Prohibition in Southwestern Michigan

Prohibition in Southwestern Michigan

Norma Lewis, Michigan, home. She has a variety of interests and has written online about topics including entertainment, travel, history, health and more. This is her third book about local topics in Michigan, with other titles including Images of America: Muskego

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Description

Even in law-abiding southwestern Michigan, the Eighteenth Amendment turned ordinary citizens into scofflaws and sparked unprecedented unrest. Betta Holloway reached her breaking point when her husband, a Portland cop, was shot pursuing a rumrunner. She relieved his pain with a neighbor's homebrew. As farmers across the region fermented their fruit to make a living, gangsters like Al Capone amassed extraordinary wealth. Baby Face Nelson came to Grand Haven and proved that he had no aptitude for robbing banks. Even before the Volstead Act passed, Battle Creek bad guy Adam "Pump" Arnold routinely broke all local prohibition laws--and every other law as well. Meanwhile, Carrie Nation hectored Michigan with her "hatchetations." Authors Norma Lewis and Christine Nyholm reveal how the Noble Experiment fueled a rowdy, roaring, decade-long party.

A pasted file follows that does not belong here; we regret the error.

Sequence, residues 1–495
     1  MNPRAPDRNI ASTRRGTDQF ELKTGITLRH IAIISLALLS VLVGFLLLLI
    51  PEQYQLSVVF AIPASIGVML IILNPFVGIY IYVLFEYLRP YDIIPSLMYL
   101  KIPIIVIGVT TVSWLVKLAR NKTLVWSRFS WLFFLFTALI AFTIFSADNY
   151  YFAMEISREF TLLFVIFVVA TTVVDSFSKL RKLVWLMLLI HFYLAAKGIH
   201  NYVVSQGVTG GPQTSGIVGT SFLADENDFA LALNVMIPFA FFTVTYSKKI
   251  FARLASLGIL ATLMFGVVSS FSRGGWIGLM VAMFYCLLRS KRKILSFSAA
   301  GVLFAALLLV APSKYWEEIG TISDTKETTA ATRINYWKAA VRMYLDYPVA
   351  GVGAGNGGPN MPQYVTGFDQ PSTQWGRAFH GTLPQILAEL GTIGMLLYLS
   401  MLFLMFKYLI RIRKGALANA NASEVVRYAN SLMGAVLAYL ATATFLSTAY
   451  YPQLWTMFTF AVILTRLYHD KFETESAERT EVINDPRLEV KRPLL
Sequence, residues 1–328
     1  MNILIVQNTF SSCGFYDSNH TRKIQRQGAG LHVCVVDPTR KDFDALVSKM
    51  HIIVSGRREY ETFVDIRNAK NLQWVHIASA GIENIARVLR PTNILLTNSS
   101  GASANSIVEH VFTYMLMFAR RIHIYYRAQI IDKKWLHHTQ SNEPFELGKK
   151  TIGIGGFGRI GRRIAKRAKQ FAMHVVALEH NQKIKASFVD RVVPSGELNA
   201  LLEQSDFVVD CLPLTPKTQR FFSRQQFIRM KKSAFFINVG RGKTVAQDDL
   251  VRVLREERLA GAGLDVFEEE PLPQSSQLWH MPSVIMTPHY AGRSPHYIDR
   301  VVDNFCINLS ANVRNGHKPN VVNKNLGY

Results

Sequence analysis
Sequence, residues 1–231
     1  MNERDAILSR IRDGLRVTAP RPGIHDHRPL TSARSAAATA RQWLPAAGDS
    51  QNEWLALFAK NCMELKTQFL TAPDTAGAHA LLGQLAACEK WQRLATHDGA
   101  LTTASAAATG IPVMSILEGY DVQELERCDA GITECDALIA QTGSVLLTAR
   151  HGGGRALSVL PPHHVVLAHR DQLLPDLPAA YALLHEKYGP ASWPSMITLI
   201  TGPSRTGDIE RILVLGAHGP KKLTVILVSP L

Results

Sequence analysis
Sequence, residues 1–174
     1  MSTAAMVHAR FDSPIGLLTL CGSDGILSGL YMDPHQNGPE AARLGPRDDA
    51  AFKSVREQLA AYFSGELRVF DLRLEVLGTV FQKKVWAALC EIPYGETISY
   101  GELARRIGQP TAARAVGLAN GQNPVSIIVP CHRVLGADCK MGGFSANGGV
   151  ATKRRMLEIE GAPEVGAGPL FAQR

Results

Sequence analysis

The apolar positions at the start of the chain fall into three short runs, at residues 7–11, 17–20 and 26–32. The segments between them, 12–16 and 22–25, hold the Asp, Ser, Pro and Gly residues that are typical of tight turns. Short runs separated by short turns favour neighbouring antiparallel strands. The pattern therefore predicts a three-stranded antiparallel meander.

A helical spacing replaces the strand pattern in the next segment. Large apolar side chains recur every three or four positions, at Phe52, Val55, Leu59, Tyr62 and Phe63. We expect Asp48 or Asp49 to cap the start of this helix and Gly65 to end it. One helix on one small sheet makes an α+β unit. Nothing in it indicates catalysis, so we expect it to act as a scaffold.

Author

Norma Lewis:

Norma Lewis has lived in southwest Michigan for about thirty years and is now in Grand Haven. She loves local history and enjoys the thrill of the hunt when doing researching, mainly because she almost always finds something better than what she thought she was looking for. This is her seventeenth book and her ninth with Arcadia Publishing/The History Press. Along with local histories, she writes silly animal books for children.

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